Fratelli Brovia Dolcetto d'Alba Vigna Villej 2008
Dolcetto from Piedmont, Italy
The scent is intensive and lengthy with fresh fruit aromas and accentuated presence of wild cherry. The taste is harmonious and the wine is well structured with an agreeable combination of right acidity and typical bitter after tasting that remains in the mouth after swallowing the wine.
All dishes, particularly hot Piemontese hors d'ouvres, strong tasting pasta, rice dishes and with white meat dishes.
The Wine Advocate - "The 2008 Dolcetto d’Alba Vignavillej coats the glass with intense dark fruit, showing marvelous purity and length. Blackberries, blueberries, almonds and cloves linger on the close. Far from an easygoing Dolcetto, the Vignavillej needs to be opened in advance. I experimented with giving this a brief decant and tasting it from a large Bordeaux glass and was treated to a sublime experience. The Vignavillej is a terrific effort from Brovia. Anticipated maturity: 2010-2014. "
Fratelli Brovia Winery
L'azienda Brovia is a traditional Piemontese family winegrowing estate. Giacinto Brovia began making wine there in 1863 followed by his son Antonio. Phylloxera, economic upheaval and finally the war interrupted production for almost 30 years. In 1953 Giacinto, Raffaele and Marina were old enough to take over the farm and resume winemaking. Family involvement doesn't end there however, after earning their oenology degrees, daughters Elena and Cristina have chosen to join their parents as well.
Grandfather Giacinto was a wise man and chose some of the best sites in the region for his vineyards. Brovia owns land in the best "cru" of Piedmont such as Rocche, Villero and Garblét Sue. These different vineyard plots represent a range of soil types, from heavier clay to direr limestone. The Brovias are extremely conscientious winegrowers and the accumulated experience of generations means that they know the characteristics of each of their vineyards, if not of each of the individual vines, and the wines that come from them. Nevertheless, they perform soil analyses every two years to ensure that the elements are in equilibrium for the vines to produce high quality grapes. Pruning is done with care and clusters are thinned again in the summer. Harvest is done entirely by hand and usually begins in late September with the Dolcetto, Arneis and Barbera, the Nebbiolo ripens later, near mid October.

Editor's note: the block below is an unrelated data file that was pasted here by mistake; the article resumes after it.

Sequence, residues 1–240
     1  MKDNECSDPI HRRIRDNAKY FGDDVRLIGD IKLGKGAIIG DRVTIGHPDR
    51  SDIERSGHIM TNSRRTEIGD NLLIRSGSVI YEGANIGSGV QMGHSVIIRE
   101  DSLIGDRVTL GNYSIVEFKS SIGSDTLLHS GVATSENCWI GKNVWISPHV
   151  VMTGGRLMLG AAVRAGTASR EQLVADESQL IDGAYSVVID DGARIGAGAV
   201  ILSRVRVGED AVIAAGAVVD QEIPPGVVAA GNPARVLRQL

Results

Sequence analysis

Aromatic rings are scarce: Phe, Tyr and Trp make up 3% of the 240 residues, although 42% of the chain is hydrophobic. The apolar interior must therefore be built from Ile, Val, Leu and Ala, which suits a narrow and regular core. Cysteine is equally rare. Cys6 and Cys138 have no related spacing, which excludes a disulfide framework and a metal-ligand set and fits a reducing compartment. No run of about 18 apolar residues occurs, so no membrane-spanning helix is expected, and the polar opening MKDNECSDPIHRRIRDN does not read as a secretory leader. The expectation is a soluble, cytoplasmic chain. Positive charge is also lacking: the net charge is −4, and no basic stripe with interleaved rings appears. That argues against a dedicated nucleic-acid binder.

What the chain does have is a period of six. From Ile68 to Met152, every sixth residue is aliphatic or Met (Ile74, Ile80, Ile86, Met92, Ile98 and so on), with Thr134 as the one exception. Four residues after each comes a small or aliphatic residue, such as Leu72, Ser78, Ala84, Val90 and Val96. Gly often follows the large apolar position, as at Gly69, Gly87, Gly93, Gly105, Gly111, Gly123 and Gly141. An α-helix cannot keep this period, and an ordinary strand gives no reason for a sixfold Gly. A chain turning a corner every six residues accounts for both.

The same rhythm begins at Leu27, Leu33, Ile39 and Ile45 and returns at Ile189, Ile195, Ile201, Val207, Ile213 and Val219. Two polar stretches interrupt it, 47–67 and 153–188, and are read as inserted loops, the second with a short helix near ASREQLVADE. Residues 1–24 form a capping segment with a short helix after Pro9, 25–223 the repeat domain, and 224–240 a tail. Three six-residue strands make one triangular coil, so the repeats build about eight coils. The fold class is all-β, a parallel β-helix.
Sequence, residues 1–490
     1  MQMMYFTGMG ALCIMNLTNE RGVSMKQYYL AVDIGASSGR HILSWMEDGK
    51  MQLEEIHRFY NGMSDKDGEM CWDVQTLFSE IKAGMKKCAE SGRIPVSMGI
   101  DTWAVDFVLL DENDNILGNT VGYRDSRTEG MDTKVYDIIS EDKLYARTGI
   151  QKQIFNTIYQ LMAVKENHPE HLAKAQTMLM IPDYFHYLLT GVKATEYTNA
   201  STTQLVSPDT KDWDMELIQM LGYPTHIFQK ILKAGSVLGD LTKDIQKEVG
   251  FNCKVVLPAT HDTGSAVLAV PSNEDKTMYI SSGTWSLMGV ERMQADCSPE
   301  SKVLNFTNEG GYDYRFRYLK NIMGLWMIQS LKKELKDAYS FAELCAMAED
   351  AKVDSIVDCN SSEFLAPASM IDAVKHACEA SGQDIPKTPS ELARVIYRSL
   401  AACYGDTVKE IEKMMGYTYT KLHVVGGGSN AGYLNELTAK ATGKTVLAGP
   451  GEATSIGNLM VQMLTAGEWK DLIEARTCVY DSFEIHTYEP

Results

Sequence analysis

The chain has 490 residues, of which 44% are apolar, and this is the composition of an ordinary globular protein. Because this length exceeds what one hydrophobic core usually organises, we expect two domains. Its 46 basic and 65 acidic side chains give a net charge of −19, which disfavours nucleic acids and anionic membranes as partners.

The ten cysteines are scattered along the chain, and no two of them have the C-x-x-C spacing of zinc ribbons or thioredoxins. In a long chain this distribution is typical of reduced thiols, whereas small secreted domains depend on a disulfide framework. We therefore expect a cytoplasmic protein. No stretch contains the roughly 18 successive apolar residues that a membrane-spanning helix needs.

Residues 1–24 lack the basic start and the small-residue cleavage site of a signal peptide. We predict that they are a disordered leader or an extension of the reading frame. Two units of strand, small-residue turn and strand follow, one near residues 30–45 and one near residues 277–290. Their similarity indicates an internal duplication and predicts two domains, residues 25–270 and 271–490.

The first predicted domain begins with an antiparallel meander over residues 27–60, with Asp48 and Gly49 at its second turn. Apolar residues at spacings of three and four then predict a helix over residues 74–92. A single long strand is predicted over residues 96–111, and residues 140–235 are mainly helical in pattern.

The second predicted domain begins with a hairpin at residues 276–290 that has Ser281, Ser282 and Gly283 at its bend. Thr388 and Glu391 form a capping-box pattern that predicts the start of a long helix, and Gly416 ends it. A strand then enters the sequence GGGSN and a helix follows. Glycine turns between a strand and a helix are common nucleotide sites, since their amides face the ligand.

Giancinto Brovia vinifies his wines in the classic style. Grapes are lightly crushed before going into the fermentation tanks. Fermentation generally lasts between 15 and 20 days at a temperature near 28 degrees Celsius for the Barolo, somewhat less for the other reds. the Barolo are aged for two years in "botti" made of Slavonian and French oak. The Dolcetto, Barbarseco and Barbera are aged mainly in stainless steel tanks, with a portion going into French oak barrels for 9 - 10 months. the Roero Arneis is vinified and aged in stainless steel. Brovia bottles his wines without filtration. View all Fratelli Brovia Wines
Notable FactsNot just regulated to red wine, Piedmont also produces some notable whites, particularly those near the district of Gavi and Asti. Gavi produces still white wine from the Cortese grape. The wine is dry with a crisp, citrus-like acidity – fairly neutral but pleasant. Arneis is another grape/wine made in the area, creating a fuller wine that displays some nuttiness in the aroma and taste. Asti is well known for its sparkling wine – in particular Asti Spumante and Moscato d'Asti. Asti Spumante is typically higher in alcohol, sweetness & fizziness, while its higher-class cousin, Mostcato d'Asti, contains lower alcohol levels, a few less bubbles, and a more restrained and delicate representation of Moscato fruit.
A little ditty about Italy...This country has about as many wines as its had governments. With 20 different regions, hundreds of DOCs and even more indigenous varieties, the amount of wine made in Italy is mind-boggling. Most of the juice, however, remains in the country for thirsty Italians. Wine is food in Italy and its rare that a meal is consumed without a glass of vino. That said, it's not common to find many folks drinking wine without food either. In turn, it's a match, and a mighty good one at that. In fact, it's safe to say that Italian wine is a foodie wine – one that goes on the table for a myraid of meals.
For regions, the most popular are Tuscany (home of Chianti), Piedmont and the Tre-Venezie, which includes Veneto, Trentino Alto-Adige and Friuli. Other communes of note are in Southern Italy, and a few good wines are made elsewhere in the country. The islands of Sardinia and Sicily are members of the Italian winemaking community as well.
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